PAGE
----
Philip L. Stimac, Plaintiff-appellant, v. William P. Barr; John Palomino; California Department Ofeducation, et al., Defendants-appellees, 10 F.3d 808 (9th Cir. 1993)Annotate this Case
Submitted Aug. 5, 1993. *Decided Nov. 23, 1993
Before: CHOY, GOODWIN, and SKOPIL, Circuit Judges
Philip Stimac appeals the district court's dismissal of his civil rights claims and summary judgment in favor of defendants on his Freedom of Information Act (FOIA) claim. We affirm.
Stimac's claims under 20 U.S.C. § 1681 (Title IX) and 29 U.S.C. § 794 (Section 504), stem from alleged discriminatory actions taken by parties other than the defendants in this case. These claims rest on the theory that a plaintiff alleging discrimination by a recipient of federal funds has an action against a federal agency charged with investigating complaints if that agency fails to investigate the alleged discrimination. The district court correctly held that Stimac has no such cause of action. See Cannon v. University of Chicago, 441 U.S. 677, 706 n. 41, 715 & n. 51 (1979); Women's Equity Action League (WEAL) v. Cavazos, 906 F.2d 742, 748-50 (D.C. Cir. 1990); Salvador v. Bennett, 800 F.2d 97, 99 (7th Cir. 1986).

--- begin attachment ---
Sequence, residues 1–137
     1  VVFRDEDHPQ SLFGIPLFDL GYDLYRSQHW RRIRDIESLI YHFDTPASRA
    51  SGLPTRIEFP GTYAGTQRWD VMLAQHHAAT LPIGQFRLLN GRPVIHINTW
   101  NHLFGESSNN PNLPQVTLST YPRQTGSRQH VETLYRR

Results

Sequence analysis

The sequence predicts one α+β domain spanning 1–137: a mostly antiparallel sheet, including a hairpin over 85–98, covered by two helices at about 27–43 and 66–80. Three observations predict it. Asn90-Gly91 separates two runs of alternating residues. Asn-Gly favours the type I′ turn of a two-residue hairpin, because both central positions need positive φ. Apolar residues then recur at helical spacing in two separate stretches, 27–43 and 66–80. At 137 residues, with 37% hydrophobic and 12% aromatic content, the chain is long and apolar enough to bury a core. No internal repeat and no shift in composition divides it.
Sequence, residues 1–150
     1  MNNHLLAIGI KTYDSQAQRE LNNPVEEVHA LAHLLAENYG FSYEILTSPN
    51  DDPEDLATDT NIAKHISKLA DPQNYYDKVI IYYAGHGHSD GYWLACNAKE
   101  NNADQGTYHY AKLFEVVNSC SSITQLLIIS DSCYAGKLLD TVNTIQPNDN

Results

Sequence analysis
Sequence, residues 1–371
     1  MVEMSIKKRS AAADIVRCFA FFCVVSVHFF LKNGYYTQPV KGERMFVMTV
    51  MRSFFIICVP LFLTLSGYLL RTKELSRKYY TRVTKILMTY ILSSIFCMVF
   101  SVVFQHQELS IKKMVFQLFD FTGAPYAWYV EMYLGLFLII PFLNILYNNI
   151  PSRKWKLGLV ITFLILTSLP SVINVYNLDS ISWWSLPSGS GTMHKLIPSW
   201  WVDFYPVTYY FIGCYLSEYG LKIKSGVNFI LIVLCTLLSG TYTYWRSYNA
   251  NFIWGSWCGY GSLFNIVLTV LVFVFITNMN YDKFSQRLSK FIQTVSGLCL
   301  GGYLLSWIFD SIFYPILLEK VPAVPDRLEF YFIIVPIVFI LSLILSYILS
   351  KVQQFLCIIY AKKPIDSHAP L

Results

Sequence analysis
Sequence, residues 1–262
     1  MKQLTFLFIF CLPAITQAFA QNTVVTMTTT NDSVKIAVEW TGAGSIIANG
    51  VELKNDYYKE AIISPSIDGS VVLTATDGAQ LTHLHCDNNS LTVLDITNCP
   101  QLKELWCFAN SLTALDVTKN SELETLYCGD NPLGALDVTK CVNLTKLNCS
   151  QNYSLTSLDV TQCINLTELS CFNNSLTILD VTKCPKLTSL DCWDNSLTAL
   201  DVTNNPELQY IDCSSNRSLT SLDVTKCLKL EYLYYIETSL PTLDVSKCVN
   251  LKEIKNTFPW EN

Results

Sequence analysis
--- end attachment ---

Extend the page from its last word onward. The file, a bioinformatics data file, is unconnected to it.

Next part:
Stimac appears to misunderstand the district court's holding that he has an adequate remedy against Gavilan College, and thus is not able to bring an action against the Office of Civil Rights (OCR) under the Administrative Procedures Act. See 5 U.S.C. § 704; WEAL, 906 F.2d at 750-51; Salvador, 800 F.2d at 99. Stimac's remedy is to sue Gavilan College. Stimac has put forward no claim that either the defendants or Gavilan College have eliminated this avenue of recourse.
The court also correctly held that Stimac had no due process claim against the defendants. If the loss of Stimac's job amounts to the loss of a property interest, that loss was due to the actions of Gavilan College, rather than to the defendants in this case. See Escamilla v. City of Santa Ana, 796 F.2d 266, 269-70 (9th Cir. 1986) (absent special relationship with victim, government does not cause deprivation of protected interest by failing to protect against actions of third party).